Some anglers change lures frequently seeking “the” lure that will induce a strike. Perhaps it’s a belief in “magic,” but more likely a lack of information – where are the fish, what is the bait, and at what depth are the fish feeding. In this way, fishing is unique among outdoor sports. Consider a golfer’s decision. The golfer is trying to reach the green and get close to the pin. The golfer sees the pin, and judges its distance. This information helps the golfer select the right club and the right swing.
However, there is no flag to see for surf anglers. With experience we can infer things, but unlike the golfer, we can’t know exactly “where the pin is.” Our choice of lure is at best a lucky guess, but with a tool kit that includes experience, eyes and ears, and trial and error, a better choice is possible.
Basically, lure selection revolves around bait. Some decisions are easy, such as a blue and white popper during a mullet run. However, others are trickier. Peanut bunker, for example, are deep bodied, and white and silvery, suggesting a chrome tin, white bucktail, or swimming plug, but they swim deep as well as near the surface. Surface or sub-surface lure?
I make my decisions using a simple method. I start with bucktail and pork rind, so I can vary presentations and gain insights. I may not catch fish, but I might expand my learning curve. If a bucktail garners no hits near the surface, but a heavier one near the bottom does, I have eliminated water. I may not hook-up, but I found the right depth, although maybe not the right action or color. Now, if I catch fish with a chromed tin or tin and tube, I’ve solved the puzzle. I have successfully used a process of deductive elimination that proceeds to a viable conclusion.
Bait size is crucial, too. I love fishing with bucktails, but sometimes there’s a better choice. I was catching school stripers feeding on 2-inch peanut bunker using soft plastics and bucktails. Then, I noticed a dark patch in front of me. There was no surface feeding, but these were 5-inch peanuts. Bucktails produced nothing. However, the peanuts were in a bait ball near the surface for a reason. I put on a 1-ounce Cordell pencil popper and made a cast to the left of the school. Half-way in, a fish exploded and I was hooked up to an upper teen striper. I caught and released two other teen-size stripers that day. The stripers were eager to feed on what seemed like a wounded peanut lagging behind the school, and I mimicked that with a pencil popper.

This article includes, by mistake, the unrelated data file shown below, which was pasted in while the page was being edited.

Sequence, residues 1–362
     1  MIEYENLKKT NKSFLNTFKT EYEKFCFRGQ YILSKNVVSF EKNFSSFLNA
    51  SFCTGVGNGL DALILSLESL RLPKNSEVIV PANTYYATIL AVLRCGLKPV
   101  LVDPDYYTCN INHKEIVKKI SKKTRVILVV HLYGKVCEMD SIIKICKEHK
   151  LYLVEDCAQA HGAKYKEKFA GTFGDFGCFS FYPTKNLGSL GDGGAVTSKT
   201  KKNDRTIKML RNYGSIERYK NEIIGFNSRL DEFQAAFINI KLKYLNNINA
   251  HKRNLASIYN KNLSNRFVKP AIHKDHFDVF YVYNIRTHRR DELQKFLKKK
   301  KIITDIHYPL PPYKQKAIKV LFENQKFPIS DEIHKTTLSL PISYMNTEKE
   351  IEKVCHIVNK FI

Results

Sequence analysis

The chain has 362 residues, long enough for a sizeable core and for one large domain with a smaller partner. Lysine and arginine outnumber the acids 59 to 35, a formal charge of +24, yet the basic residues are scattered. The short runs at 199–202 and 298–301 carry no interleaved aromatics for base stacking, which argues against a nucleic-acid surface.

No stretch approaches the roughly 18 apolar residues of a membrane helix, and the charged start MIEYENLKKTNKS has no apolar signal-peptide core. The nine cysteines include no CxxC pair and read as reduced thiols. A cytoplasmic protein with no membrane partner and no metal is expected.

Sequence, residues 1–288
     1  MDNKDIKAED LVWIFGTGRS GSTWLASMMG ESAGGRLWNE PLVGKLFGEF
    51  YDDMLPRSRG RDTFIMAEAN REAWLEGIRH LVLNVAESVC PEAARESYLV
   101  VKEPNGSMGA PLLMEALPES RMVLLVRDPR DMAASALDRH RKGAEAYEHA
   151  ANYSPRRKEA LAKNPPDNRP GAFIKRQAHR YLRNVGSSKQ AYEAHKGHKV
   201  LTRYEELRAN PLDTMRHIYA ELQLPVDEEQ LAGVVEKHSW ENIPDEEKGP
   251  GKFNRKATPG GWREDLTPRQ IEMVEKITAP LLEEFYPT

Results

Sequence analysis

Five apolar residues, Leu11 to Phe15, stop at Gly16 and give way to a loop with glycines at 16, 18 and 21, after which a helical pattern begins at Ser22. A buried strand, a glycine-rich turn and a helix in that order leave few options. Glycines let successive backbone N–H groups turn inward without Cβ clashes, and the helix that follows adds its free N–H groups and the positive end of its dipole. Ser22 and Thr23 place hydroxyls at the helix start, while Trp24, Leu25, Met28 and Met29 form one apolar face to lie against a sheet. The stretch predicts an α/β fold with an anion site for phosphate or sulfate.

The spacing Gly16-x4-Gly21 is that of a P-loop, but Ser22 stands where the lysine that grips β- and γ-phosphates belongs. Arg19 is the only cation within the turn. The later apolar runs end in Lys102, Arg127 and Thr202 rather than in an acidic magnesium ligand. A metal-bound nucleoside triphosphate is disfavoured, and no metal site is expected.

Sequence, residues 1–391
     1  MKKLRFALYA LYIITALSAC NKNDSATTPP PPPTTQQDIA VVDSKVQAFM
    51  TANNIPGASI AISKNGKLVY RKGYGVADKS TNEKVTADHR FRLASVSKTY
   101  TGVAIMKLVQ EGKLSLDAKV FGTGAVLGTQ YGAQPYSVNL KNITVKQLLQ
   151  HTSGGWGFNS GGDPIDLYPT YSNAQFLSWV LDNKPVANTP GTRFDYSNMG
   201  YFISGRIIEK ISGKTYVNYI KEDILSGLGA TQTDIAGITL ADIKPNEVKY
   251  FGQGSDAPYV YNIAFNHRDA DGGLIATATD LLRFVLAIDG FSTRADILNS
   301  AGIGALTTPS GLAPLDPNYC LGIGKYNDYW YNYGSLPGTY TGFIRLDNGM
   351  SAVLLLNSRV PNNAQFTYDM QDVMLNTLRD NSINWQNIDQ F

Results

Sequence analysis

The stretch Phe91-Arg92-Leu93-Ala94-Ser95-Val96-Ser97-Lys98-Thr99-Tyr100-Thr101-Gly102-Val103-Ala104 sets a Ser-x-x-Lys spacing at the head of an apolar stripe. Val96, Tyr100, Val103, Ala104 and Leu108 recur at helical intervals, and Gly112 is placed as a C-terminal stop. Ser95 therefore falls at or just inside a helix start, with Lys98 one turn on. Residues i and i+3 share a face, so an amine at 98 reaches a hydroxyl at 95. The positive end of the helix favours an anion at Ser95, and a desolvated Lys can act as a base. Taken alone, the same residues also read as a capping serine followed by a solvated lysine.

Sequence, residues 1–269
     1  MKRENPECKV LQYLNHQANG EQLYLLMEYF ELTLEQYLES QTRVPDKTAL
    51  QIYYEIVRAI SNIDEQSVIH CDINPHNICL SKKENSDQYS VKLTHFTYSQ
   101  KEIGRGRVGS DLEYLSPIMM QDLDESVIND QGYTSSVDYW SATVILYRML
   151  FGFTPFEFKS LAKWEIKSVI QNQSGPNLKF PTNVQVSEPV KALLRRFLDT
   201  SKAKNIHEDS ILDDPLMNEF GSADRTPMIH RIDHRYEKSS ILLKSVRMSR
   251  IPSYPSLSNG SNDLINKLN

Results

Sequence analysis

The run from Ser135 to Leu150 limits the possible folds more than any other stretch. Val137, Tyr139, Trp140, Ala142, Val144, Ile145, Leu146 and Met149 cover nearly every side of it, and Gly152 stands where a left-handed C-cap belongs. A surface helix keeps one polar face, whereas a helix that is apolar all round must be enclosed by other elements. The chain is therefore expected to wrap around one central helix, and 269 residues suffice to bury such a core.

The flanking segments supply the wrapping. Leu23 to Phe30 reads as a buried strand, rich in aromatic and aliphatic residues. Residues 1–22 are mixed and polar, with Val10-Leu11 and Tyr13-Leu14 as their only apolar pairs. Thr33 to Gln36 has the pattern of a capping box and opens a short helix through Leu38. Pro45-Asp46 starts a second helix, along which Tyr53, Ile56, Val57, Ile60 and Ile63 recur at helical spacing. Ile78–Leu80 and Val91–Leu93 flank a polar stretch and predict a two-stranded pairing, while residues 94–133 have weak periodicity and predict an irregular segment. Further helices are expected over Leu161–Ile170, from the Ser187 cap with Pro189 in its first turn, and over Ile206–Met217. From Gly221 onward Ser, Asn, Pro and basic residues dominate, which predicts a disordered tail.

We all enjoy a blitz, especially the surface version when lure selection seems easy. A surface lure might seem obvious, but occasionally you’d be wrong. Consider this real-life example. Fish are rolling but they won’t even sniff a surface lure. This is common when bait is small, such as spring sand eels, and takes a very small sub-surface lure to produce strikes.
The opposite is also true. Years ago, I was fishing east-end beaches during a blitz of blues, bass, anchovies, and herring. Initially, the action was frantic with screaming gulls, exploding fish, and bent rods. Any lure worked, and the catch was dominated by bluefish. However, as the commotion moved west, the blues pushed the anchovies offshore leaving herring and stripers in the trough. At this point, surface action stopped, and previously successful lures were untouched. Many anglers turned tail for home, but remaining anglers began searching for a productive lure. Pencil poppers triggered a few strikes, but it was medium-size metal-lip plugs that received the best response. We logically concluded the herring were spread out and stripers were hunting for individual wounded herring. Metal-lip plugs won the day. .
The moral of this story is, try to accumulate information and decipher the code for a given set of conditions, and then select an appropriate lure. Be patient and try as many different presentations as possible before switching to another lure, and you’ll catch more fish more often.